Short Rules

Mini Thunder Chess plays by all the rules of Thunder Chess with the additional rule that Pawns get no double move and may not capture by en passant.

Detailed Rules

Mini Thunder Chess is played like FIDE Chess with the following exceptions:

  1. When a simple non-royal piece (Knight, Rook, or Bishop) is attacked, it may promote to a compound piece by moving to an empty square.
    1. Knights promote to Queens [B+R].
    2. Bishops promote to Paladins [B+N].
    3. Rooks promote to Marshalls [R+N].
  2. When a non-royal compound piece (Queen, Marshall, Paladin) captures a piece, it demotes to the simple piece it just moved as.
    1. If it captured by moving diagonally, it demotes to a Bishop.
    2. If it captured by moving orthogonally, it demotes to a Rook.
    3. If it captured by jumping as a Knight, it demotes to a Knight.
  3. When a royal compound piece (Pope [K+B], Dragon King [K+R], or Eques Rex [K+N]) captures a piece, it demotes to a King.
  4. A simple piece (King, Knight, Bishop, or Rook) may combine with another non-royal simple piece of either side by moving onto its square.
    1. The combined piece is the compound piece that moves as either of the two pieces just combined.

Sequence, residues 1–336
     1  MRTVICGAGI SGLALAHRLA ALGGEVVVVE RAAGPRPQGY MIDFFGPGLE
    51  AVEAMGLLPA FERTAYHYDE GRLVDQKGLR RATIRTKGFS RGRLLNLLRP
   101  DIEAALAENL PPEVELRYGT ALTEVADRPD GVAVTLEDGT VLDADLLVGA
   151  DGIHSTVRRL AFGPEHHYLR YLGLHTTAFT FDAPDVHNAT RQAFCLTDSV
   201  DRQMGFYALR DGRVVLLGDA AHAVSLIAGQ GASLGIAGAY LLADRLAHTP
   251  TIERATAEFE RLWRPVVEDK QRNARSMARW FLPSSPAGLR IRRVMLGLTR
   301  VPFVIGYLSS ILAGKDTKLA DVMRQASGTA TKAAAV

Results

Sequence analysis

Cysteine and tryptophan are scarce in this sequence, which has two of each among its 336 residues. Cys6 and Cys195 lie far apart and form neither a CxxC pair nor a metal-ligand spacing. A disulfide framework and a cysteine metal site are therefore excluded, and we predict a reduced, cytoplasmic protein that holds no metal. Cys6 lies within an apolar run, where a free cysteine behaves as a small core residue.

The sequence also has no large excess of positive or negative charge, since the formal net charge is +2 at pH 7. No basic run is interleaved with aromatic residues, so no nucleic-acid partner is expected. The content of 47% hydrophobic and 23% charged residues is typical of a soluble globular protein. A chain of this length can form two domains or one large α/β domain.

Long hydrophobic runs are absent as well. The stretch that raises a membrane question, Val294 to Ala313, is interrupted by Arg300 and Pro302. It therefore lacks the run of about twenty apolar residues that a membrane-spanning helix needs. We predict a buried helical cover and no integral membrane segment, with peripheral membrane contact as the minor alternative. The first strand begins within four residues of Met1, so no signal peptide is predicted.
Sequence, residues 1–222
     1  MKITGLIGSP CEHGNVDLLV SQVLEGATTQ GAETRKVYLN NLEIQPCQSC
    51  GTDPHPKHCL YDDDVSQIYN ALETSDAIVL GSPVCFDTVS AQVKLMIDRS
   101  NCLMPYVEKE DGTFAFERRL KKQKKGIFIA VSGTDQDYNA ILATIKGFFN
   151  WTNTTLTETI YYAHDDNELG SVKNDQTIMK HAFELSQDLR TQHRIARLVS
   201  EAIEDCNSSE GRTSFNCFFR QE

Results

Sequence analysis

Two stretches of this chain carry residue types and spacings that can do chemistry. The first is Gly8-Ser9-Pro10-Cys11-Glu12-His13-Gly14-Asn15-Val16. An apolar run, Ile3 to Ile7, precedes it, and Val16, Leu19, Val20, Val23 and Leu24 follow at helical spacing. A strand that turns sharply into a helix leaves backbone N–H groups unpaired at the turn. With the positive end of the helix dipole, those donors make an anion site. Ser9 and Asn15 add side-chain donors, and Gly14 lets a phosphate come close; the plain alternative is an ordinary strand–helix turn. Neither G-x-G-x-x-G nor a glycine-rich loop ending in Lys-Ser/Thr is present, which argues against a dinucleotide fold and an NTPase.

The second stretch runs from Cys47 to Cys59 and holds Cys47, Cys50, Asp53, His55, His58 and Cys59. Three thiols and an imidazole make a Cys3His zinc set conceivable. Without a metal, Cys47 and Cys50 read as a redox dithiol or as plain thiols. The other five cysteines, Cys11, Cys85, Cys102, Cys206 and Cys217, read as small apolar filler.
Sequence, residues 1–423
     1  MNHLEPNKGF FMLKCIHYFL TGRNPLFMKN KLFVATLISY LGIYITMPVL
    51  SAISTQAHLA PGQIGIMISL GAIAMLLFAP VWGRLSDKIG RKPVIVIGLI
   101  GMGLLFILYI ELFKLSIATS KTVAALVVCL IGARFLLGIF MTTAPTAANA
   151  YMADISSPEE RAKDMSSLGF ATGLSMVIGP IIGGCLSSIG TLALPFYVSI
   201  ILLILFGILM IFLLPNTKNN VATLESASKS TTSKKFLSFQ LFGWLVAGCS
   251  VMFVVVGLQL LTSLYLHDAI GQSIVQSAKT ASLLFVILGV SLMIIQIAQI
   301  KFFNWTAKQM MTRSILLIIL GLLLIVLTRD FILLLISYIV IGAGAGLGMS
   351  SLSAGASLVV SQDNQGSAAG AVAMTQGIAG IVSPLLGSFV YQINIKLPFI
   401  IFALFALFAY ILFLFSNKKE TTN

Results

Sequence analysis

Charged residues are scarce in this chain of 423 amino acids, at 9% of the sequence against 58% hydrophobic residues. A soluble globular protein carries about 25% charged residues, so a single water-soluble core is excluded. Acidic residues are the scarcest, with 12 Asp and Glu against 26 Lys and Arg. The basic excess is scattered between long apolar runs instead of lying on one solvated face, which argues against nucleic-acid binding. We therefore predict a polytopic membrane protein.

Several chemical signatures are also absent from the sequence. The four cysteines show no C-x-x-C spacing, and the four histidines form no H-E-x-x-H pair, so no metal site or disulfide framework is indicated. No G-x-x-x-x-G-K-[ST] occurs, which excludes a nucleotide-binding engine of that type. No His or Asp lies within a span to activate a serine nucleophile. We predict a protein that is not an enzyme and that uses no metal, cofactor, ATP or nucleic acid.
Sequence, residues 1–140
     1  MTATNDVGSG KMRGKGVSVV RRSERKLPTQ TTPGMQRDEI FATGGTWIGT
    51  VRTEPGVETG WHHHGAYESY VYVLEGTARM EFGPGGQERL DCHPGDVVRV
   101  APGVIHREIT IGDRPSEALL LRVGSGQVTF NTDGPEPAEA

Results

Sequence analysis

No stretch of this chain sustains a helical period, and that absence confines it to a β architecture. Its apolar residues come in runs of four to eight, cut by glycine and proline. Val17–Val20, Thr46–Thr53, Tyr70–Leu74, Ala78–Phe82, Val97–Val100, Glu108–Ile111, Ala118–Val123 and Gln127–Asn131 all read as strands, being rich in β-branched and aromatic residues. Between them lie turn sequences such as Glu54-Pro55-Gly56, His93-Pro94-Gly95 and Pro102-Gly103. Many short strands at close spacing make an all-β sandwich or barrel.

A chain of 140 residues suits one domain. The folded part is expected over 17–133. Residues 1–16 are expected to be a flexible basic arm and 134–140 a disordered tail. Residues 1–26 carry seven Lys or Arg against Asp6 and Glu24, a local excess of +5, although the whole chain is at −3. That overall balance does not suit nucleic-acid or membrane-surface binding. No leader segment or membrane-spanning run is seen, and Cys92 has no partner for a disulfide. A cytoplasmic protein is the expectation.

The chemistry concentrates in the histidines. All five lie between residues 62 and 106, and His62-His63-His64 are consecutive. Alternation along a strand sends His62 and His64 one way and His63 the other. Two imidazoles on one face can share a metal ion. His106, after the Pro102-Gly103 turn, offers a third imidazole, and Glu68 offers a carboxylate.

1. King + Bishop = Pope
      2. King + Rook = Dragon King
      3. King + Knight = Eques Rex
      4. Bishop + Rook = Queen
      5. Bishop + Knight = Paladin
      6. Rook + Knight = Marshall
    2. The new piece belongs to the player who made the move.
    3. A piece may not combine with another piece of the same type.
      1. Knight + Knight = Rook + Rook = Bishop + Bishop = Illegal.
    4. A non-royal piece may not move to combine with a King, but a King may move to combine with a non-royal piece.
    5. Compound pieces may not combine with other pieces.
  5. A compound piece may split into its components by moving one of its components to an empty square.
    1. A Rook which separates from a piece must move away as a Rook moves.
    2. A Bishop which separates from a piece must move away as a Bishop moves.
    3. A Knight which separates from a piece must move away as a Knight moves.